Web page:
Tag Archives: toilet

Self-care

There are some terms that you simply cannot help but chuckle when you hear them. Innocent terms like ‘pulled pork’, or common phrases like ‘polishing the Kaiser’s helmet’ contain sublimated double entendres which the brain cannot ignore.  Such is the case with the term ‘self-care’. In fact the first few times I heard the term, I thought the person saying it was literally referring to the onanistic arts without even the smokescreen of a euphemism.  Of course, self-care is only partly about rubbing one off, and or out.

In order to understand the full girth of what self-care is, we must first take a look at where it came from.  Millennials, defined by science as the generation born after drugs became harmful and before computers became cool, are the tallest generation in history.  With all this height comes a lot of stress.  Millennials are thus, not only the tallest generation they are also the most anxious.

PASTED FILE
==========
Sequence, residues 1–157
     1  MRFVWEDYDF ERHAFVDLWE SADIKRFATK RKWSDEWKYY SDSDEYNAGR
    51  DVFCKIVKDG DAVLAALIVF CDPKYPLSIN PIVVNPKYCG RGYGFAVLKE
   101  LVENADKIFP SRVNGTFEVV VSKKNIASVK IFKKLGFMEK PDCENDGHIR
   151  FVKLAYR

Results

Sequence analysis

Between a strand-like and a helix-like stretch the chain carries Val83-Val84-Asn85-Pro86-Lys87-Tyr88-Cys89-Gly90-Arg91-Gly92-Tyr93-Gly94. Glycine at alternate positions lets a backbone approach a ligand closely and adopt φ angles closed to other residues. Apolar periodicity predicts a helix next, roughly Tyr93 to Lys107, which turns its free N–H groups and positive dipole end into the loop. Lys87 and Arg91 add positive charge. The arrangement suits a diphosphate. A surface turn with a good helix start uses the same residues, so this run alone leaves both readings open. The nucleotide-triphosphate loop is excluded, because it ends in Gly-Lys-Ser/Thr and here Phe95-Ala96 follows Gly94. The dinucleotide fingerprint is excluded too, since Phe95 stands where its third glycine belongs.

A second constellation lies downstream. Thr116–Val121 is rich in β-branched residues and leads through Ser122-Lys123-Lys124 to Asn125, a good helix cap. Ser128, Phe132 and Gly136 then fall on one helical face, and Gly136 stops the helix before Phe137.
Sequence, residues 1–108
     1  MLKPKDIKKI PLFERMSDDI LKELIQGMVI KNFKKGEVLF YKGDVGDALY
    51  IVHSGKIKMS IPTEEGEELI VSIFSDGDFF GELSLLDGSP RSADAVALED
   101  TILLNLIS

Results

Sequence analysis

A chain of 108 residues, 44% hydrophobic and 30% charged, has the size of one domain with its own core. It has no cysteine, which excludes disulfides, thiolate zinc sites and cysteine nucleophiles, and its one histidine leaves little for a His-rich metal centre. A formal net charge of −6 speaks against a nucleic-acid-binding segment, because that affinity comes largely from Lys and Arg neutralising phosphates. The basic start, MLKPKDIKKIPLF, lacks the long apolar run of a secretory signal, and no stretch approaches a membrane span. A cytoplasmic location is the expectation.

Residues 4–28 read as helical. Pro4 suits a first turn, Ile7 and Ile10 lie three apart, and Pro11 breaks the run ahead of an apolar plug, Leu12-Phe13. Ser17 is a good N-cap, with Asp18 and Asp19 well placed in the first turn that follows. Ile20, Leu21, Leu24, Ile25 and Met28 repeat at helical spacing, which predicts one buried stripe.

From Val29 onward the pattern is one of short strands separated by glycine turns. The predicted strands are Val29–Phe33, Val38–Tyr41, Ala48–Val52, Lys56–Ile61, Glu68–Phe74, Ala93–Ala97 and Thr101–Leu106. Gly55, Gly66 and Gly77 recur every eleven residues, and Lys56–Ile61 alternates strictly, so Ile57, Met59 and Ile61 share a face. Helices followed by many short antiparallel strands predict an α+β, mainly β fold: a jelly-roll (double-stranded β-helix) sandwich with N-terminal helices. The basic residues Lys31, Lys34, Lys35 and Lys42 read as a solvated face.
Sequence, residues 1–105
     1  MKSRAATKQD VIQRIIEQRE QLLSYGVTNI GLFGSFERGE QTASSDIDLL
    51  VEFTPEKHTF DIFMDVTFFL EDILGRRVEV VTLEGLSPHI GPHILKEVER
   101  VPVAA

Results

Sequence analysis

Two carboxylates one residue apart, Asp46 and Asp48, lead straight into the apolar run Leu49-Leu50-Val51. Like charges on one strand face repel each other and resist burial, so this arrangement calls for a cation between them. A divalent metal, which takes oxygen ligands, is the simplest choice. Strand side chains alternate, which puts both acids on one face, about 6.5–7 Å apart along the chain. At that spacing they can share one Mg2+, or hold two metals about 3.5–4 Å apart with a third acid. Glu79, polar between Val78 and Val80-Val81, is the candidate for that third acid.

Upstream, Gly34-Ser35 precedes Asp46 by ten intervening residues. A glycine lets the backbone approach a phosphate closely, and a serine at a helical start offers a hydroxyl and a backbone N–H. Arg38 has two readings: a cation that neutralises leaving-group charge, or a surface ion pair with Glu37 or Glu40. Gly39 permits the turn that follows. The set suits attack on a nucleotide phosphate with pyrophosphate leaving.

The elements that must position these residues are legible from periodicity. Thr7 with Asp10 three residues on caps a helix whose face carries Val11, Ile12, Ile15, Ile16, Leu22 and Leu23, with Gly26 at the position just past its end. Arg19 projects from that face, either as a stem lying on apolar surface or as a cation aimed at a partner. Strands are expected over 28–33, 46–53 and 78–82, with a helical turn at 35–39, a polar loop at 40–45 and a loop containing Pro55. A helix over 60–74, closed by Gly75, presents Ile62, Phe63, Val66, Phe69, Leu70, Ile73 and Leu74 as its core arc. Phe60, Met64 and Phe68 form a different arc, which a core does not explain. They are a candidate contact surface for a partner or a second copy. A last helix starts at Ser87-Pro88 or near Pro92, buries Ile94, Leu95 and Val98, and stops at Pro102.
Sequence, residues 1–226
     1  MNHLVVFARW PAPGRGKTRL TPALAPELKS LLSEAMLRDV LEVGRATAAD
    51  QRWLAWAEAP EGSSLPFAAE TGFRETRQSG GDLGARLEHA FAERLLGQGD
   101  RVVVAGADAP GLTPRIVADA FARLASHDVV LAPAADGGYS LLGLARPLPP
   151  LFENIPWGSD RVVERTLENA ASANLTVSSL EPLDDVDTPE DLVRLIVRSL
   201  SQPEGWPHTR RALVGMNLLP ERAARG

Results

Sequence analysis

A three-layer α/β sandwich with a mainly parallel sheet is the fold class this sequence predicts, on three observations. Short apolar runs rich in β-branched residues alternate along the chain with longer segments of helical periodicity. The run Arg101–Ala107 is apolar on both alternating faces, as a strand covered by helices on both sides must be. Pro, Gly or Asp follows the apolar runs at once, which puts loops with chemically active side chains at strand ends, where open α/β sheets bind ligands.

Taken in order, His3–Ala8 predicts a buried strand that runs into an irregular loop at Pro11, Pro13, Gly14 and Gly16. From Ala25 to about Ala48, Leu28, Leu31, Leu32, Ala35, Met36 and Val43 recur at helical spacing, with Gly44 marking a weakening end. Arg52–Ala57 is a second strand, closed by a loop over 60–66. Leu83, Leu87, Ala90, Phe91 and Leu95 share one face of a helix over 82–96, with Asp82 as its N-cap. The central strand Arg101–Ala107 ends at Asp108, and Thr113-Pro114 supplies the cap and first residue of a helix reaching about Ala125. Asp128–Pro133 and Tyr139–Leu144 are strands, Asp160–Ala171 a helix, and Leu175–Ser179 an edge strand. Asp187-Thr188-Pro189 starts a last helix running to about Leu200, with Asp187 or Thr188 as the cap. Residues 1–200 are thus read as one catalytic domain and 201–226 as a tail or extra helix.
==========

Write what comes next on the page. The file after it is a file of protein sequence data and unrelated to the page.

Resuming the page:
Unlike their parents, millennials are raised to see their towering stature as a ‘privilege’ which is why you don’t ever hear millennials complain. So, where as their parents’ generation might have used complaining, alongside ‘buying rental properties’ and ‘The Beatles’ as an outlet to relieve stress, Millennials prefer other outlets.

These outlets might include ‘making short and pointless ‘Vines”, ‘growing a beard’, or ‘talking about being a vegan’.  Stress relief might also might involve doing little things for one’s self that makes one’s day a little bit brighter and thus releases a little of that pent up tension.

Drinking and taking drugs

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Beer.

The most common form of self-care is still ‘getting wasted by yourself.’  Alcohol is probably the most convenient and accessible way to do this, but pretty much any intoxicating substance will do.  As long as said intoxicant moves you from the state of ‘being anxious and/or stressed’ to the state of ‘closing off, or befuddling, the parts of the brain which generate these responses to the point where the brain no longer remembers to be anxious and/or stressed’ it will enable you to do self-care.